76. 76. Sources of Creative Commons Images Flickr Creative Commons Search Google Images (labeled for reuse) Your own Digital Camera Scan photographs or artifacts
  77. 77. IV. Background Music Freeplaymusic.com is a good starting point. If you purchase any music from iTunes, it is protected to the computer where you downloaded it when you purchased it. You will need to burn any purchased song on a Music CD (with iTunes) and import the music directly from the CD. Music often overwhelms voiceovers. Edit volume on the low end under your narration (> 10%) but you could increase the volume when no voice is present.
  78. 78. Step 8: Add Music Choose music that evokes the rhythm and pace of your story. Next, go out and grab the music in digital form: http://freeplaymusic.com Pod Safe Audio: http://www.podsafeaudio.com/ Jamendo http://www.jamendo.com/en/ (Free music downloads in MP3) http://creativecommons.org/legalmusicforvideos/ - Creative Commons Yahoo Music: http://new.music.yahoo.com/ http://www.archive.org/details/netlabels - Archive.org’s NetLabel Find a talented friend to play an original work on the piano or by strumming the guitar -- solves the copyright problem. Garage Band & Myna – create your own with loops http://www.techsoup.org/learningcenter/training/page5897.cfm
  79. 79. Adjusting Volume in Audacity Use the Envelope tool Click on audio and drag down to lower volume
  80. 80. V. Rough edit Place your narration (II), sound track (IV) and images (III) on the timeline in approximate locations. Ask for feedback. DEMO
  81. 81. Step 9: Edit Your Story (with video editing program) Import all images, video, your voice-over, and musical elements Lay your narration track onto the timeline first Add your images to match your narration Create an initial rough cut before adding transitions or special effects Add titles, transitions, special effects sparingly Expect to spend a few hours editing your story to get it just right. Don't overproduce: often the spontaneity and directness of the initial drafts get lost with too much polishing. http://www.techsoup.org/learningcenter/training/page5897.cfm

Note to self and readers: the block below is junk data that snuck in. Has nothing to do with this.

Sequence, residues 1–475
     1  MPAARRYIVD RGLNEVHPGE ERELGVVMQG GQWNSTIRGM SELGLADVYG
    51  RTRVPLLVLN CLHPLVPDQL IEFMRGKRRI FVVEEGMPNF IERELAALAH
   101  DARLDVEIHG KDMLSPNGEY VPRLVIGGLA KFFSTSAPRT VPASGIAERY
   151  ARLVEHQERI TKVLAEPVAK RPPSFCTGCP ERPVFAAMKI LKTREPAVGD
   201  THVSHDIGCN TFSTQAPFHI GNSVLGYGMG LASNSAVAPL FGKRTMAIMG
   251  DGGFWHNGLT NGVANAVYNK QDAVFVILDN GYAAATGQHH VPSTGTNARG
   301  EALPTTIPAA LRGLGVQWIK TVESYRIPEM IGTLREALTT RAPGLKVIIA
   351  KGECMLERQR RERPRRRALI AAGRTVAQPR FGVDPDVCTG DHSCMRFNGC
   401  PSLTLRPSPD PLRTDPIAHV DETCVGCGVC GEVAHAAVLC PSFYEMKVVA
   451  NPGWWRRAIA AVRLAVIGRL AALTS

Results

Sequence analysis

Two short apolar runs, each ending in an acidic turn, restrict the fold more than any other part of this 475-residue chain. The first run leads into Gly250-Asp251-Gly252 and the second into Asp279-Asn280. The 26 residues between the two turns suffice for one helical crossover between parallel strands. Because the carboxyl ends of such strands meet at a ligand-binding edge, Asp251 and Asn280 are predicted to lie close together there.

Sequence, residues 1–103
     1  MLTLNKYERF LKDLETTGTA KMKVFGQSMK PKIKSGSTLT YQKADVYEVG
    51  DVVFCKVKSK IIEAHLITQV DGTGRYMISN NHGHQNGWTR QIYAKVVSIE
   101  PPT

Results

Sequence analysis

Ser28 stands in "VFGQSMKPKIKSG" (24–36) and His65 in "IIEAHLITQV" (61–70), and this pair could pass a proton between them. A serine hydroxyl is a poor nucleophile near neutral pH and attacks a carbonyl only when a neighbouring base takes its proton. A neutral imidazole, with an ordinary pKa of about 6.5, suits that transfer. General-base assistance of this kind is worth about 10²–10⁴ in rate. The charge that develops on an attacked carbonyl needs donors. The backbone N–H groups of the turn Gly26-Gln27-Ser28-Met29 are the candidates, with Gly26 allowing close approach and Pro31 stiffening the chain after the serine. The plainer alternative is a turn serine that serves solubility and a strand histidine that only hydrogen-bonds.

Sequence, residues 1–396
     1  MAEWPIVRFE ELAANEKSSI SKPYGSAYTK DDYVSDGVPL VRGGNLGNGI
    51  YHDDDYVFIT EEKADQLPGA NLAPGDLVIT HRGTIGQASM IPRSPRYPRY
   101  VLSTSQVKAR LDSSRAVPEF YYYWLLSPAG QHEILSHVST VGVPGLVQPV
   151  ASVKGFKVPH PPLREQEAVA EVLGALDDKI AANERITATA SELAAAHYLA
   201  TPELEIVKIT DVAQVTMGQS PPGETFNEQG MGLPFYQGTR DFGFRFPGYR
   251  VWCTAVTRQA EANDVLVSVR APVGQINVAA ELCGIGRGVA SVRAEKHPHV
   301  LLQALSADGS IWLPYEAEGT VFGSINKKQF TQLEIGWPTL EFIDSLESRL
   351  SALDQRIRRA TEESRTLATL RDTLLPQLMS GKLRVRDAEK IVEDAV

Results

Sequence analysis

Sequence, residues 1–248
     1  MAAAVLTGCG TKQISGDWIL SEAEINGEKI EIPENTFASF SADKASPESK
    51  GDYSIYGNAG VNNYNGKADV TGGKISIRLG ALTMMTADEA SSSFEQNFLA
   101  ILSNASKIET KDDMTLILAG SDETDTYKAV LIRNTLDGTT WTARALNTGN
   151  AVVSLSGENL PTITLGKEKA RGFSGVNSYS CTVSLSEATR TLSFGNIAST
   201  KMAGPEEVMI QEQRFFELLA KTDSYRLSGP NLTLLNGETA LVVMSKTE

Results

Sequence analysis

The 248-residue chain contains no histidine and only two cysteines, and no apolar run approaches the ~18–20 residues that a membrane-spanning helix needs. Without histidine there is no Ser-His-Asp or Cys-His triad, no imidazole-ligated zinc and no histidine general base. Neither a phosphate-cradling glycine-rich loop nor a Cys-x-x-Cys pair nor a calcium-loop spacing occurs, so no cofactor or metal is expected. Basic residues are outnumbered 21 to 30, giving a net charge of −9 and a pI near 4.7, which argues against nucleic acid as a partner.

82. 82. VIII. Publish Save two versions of your file (File Menu -> Share): QuickTime -> CD-ROM (and name it your “projectname”.mov) (which can be played from the CD) QuickTime -> Web-Streaming (and name it your “projectnameweb”.mov) (which creates a version that can be posted to the WWW)
  83. 83. Websites to Share Video YouTube: http://www.youtube.com/ TeacherTube: http://teachertube.com/ SchoolTube: http://schooltube.com/ Blip.tv: http://blip.tv Vimeo: http://www.vimeo.com/ Facebook video GoogleDocs/Google Drive
  84. 84. IX. Showtime! In a face-to-face workshop, watch the “big” version of your movie. In web workshop, upload the “small” version to WWW
  85. 85. Online Storage You can also choose an online file storage system, such as the one that Ed uses: Microsoft Windows Live Sky Drive: http://skydrive.live.com The advantage of this system is that you can store up to 25 GB of all types of files, and you can password-protect your files. I also like http://www.divshare.com/ to store files online, because they give you the code to embed your video into a blog or website (just like the video sharing sites). They let you store up to 5 GB of files.
  86. 86. X. Assessment Examples of Rubrics – Links on Google Site
  87. 87. Next Steps Send your scripts for feedback (share in GoogleDocs to eportfolios@gmail.com) or attach in email Start collecting digital images Start looking for background music
  88. 88. Examples My Reflection on my own Professional Learning for my Professional Portfolio Link on Web Page
  89. 89. Name Tags http://vimeo.com/eportfolios/nametags
  90. 90. Dr. Helen Barrett Researcher & Consultant Electronic Portfolios & Digital Storytelling for Lifelong and Life-Wide Learning eportfolios@gmail.com http://electronicportfolios.org/
  91. 91. Choices http://vimeo.com/eportfolios/choices
  92. 92. My Final Wish… May all your electronic portfolios include dynamic celebrations and stories of deep learning across the lifespan.